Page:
Brand: Post Honey Bunches of Oats
Link: Click Here
Target: Real Cereal People
Factory workers at the Post plant describe Honey Bunches of Oats. They describe what it is and the fact that they like it. One worker calls it “a mouthful of joy”. Lots of product shots and real people wearing their plant plastic hairnets. The tagline is “It’s the cereal you’d make if you made cereal.”
Here’s an example of great Kraft advertising (Kraft owns Post). This spot is part of a campaign that started in 1999 (click here), but this execution works much better than earlier spots which were either a little scary (making you remember that the product is produced in a factory by big, impersonal machines) or a little sales-y (as with the 2004 spot which had employees driving around in Honey Bunches of Oats cars, delivering samples).
Here’s what to admire about this spot -
- Kraft doesn’t give up on a good campaign with less-than-perfect execution - in spite of several spots which failed to live up to the promise of the strong campaign strategy, the Post people did not give up on the strategy. This is unusual in a marketing world where the idea of the moment usually lasts just about that long. They were rewarded with an exceptionally strong, crisp execution that is more focused on the core strategy than early tries.
- Factory workers mean ‘authenticity’ - This is not a new insight by Kraft. Saturn made their brand on connecting their factory workers to consumers – do you remember the spot where a schoolteacher writes a letter about her car and the factory workers assembling the car put the letter in the glove compartment and sign it? Of course, the attribute that Post is really try to own here is authenticity. Using factory workers is a refreshing change from all of the purely ingredient or health-focused commercials crowding this segment of cereal advertising.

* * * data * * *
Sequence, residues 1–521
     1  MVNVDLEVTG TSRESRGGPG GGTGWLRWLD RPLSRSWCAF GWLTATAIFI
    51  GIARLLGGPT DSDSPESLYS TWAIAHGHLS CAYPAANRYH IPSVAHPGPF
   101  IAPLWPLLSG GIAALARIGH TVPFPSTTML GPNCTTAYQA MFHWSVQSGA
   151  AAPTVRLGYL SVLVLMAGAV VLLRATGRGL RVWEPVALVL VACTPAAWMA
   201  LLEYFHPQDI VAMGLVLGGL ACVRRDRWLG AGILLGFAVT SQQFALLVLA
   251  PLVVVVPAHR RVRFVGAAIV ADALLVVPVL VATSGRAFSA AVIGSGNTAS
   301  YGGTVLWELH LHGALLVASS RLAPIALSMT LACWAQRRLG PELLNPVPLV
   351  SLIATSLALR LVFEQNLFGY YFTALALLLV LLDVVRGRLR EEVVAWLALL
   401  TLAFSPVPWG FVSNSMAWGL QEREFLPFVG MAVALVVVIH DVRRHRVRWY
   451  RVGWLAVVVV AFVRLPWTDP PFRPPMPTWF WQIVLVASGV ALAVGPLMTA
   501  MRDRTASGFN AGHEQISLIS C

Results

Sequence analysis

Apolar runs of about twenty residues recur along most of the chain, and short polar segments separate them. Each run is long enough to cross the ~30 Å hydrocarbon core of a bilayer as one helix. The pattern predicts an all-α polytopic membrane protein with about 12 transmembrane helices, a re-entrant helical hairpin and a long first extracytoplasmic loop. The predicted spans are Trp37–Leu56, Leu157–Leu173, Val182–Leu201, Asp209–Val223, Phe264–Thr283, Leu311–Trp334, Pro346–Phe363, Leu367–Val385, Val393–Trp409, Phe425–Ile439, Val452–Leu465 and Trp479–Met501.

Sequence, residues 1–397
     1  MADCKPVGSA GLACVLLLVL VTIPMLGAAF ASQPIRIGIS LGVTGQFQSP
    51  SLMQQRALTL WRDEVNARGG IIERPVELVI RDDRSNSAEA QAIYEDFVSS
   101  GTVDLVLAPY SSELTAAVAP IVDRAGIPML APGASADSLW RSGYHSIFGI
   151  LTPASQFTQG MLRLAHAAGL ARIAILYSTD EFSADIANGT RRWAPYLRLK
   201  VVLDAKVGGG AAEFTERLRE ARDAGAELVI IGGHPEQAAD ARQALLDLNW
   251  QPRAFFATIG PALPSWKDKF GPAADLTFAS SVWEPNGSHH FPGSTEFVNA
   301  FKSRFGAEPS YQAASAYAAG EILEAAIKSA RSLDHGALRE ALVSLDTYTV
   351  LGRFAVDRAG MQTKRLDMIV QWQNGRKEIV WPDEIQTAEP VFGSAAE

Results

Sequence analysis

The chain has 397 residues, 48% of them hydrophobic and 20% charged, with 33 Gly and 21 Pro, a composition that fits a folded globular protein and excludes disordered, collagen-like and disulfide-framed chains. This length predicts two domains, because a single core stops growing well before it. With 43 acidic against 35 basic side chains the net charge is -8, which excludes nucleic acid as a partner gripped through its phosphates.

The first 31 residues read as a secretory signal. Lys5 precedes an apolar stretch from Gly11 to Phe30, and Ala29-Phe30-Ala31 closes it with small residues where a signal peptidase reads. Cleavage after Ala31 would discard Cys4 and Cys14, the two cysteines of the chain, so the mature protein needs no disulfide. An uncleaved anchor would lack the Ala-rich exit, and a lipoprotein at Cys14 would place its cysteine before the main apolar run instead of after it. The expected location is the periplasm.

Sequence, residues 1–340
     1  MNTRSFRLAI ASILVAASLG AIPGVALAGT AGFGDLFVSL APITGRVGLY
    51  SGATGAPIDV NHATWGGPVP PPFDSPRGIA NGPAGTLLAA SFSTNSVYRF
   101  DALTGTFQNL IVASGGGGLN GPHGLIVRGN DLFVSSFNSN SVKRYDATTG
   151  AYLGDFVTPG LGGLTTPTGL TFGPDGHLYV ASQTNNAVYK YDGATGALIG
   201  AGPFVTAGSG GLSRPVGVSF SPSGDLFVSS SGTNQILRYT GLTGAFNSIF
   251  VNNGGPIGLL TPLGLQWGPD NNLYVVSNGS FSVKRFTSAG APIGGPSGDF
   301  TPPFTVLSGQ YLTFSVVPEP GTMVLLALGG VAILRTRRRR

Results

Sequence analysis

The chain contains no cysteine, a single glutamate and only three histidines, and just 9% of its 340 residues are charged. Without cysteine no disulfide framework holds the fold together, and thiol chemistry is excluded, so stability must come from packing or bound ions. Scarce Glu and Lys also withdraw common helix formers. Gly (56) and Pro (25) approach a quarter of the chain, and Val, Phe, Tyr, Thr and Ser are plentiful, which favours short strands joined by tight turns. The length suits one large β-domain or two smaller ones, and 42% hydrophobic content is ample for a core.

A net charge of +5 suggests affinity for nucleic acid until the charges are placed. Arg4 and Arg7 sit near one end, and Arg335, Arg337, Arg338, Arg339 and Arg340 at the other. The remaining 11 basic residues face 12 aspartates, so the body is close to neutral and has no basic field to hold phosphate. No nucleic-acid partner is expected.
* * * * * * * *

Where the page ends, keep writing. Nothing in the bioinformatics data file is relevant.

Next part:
- The ‘Product as Hero’ execution works - Watching this spot quickly you might miss the fact that it is Honey Bunches of Oats and not the factory workers that serves as hero of this spot. It is impossible to watch this spot and wonder which brand is being advertised (a ThirdWay Advertising Blog pet peeve.) In addition, the product shots are crisp and effective. There is a strong improvement from the 1999 spot where the Orwellian factory shots overwhelmed the sense of individualism projected by the factory workers.
Post is trying to reach a group of people who want cereal that is not as processed or sugared as kids cereals, but who aren’t quite ready for Alpina or Bear Naked granola, either. The factory worker execution is an excellent way of saying ‘real food for real people.’
This spot is balanced on the razors edge, which makes the campaignability tricky. It is no coincidence that earlier executions of this strategy have not been nearly as successful. The effectiveness of the factory workers is tied to their genuineness and their individuality. Individuality is not the first thing we think of when we think of a factory, and it gets overwhelmed when we see images of huge cooking vats or thousands of boxes running through a conveyer belt. If the factory workers are too promotional, they loose that genuine feel – as they did when they were driving branded vehicles around the countryside. Post has a great campaign here, but managing it will be difficult.
Branding Bottom Line -
We want to believe in a product that the workers stand up for. Kraft scores with a spot that feels honest.